‘I don’t want it,’ I told him from the safety of my perch.
‘Aren’t you being a little ridiculous, Pol?’ Beldaran suggested.
‘It’s a family trait,’ I replied.
Then father did something he’s very seldom done to me. One moment I was comfortably resting on my perch about twenty feet above the ground. At the next instant I was sprawled in the dirt at his feet. The old rascal had translocated me! That’s better,’ he said. ‘Now we can talk.’ He held out his hand, and there was a silver medallion on a silver chain hanging from his fingers. ‘This is for you,’ he told me.
Somewhat reluctantly I took it. ‘What am I supposed to do with this?’ I asked him.
‘You’re supposed to wear it.’
‘Because the Master says so. If you want to argue with Him, go right ahead. Just put it on, Pol, and stop all this foolishness. It’s time for us all to grow up.’
I looked rather closely at the amulet and saw that it bore the image of an owl. It occurred to me that this somehow very appropriate gift had come from Aldur instead of father. At that point in my life decorations of any kind seemed wildly inappropriate, but I immediately saw a use for this one. It bore the image of an owl, my favorite alternative form – and mother’s as well. Part of the difficulty of the shape-change is getting the image right, and father was evidently a very talented sculptor. The owl was so lifelike that it looked almost as if it could fly. This particular ornament would be very useful.
When I put it on, something rather strange came over me. I’d have sooner died than have admitted it, but I suddenly felt complete, as if something had always been missing.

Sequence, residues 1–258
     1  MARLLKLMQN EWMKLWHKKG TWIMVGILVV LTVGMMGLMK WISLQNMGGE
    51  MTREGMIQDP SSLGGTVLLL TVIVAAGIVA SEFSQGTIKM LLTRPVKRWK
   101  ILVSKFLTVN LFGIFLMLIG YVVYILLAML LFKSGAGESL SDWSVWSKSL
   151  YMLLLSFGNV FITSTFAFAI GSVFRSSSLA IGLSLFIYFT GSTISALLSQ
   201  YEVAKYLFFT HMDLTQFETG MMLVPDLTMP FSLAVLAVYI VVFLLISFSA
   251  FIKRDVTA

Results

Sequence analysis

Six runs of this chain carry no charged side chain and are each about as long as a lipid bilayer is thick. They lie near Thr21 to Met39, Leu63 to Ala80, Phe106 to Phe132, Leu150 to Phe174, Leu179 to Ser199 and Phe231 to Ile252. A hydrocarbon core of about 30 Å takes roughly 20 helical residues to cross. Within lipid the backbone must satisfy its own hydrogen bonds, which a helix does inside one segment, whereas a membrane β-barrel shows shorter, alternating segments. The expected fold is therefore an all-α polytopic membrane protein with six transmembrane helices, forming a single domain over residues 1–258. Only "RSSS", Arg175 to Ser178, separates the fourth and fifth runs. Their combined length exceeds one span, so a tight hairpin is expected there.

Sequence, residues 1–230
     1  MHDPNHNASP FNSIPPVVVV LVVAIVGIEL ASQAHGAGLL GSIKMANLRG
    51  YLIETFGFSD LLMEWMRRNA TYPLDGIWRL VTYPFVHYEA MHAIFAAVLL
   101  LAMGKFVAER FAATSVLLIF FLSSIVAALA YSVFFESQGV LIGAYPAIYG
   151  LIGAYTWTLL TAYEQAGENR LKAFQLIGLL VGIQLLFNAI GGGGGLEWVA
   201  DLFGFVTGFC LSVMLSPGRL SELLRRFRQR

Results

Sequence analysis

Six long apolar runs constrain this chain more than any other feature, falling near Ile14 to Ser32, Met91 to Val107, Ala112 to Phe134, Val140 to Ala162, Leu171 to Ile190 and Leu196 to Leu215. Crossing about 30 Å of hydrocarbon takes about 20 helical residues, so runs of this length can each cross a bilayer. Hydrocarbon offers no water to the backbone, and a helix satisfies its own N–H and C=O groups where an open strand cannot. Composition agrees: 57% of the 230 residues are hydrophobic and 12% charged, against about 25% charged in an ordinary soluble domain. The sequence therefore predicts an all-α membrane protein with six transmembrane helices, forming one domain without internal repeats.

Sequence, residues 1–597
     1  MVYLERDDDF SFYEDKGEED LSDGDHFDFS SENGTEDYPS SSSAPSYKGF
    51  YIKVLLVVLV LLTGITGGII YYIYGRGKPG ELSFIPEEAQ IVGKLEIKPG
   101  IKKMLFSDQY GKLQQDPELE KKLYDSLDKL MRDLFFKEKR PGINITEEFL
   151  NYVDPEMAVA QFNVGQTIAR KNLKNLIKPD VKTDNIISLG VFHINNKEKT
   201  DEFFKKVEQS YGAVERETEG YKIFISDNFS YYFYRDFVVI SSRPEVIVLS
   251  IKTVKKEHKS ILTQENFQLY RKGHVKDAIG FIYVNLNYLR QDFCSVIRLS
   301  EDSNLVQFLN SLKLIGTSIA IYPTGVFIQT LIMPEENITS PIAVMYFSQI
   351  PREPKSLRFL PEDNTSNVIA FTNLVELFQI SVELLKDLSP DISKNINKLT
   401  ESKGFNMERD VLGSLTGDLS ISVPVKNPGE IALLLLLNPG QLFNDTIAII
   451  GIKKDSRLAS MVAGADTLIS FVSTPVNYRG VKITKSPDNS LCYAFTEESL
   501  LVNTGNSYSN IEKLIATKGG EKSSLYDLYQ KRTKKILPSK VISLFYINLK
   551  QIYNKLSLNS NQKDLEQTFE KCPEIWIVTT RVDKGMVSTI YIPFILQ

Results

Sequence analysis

‘And now we are three,’ Beldaran said vapidly.
‘Amazing,’ I said a bit acidly. ‘You do know how to count.’ My unexpected reaction to father’s gift had put me off-balance, and I felt the need to lash out at somebody – anybody.
‘Don’t be nasty,’ Beldaran told me. ‘I know you’re more clever than I am, Pol. You don’t have to hit me over the head with it. Now why don’t you stop all this foolishness and come back home where you belong?’
The guiding principle of my entire life at that point had been my rather conceited belief that nobody told me what to do. Beldaran disabused me of that notion right then and there. She could – and occasionally did – give me orders. The implied threat that she would withhold her love from me brought me to heel immediately.
The three of us walked on back to father’s tower. He seemed a little startled by my sudden change of heart, and I believe that even to this day he doesn’t fully understand the power Beldaran had over me.
Perhaps it was to cover his confusion that he offered me some left-over breakfast. I discovered immediately that this most powerful sorcerer in the world was woefully inadequate in the kitchen. ‘Did you do this to perfectly acceptable food on purpose, father?’ I asked him. ‘You must have. Nobody could have done something this bad by accident.’
‘If you don’t like it, Pol, there’s the kitchen.’
‘Why, I do believe you’re right, father,’ I replied in mock surprise. ‘How strange that I didn’t notice that. Maybe it has something to do with the fact that you’ve got books and scrolls piled all over the working surfaces.’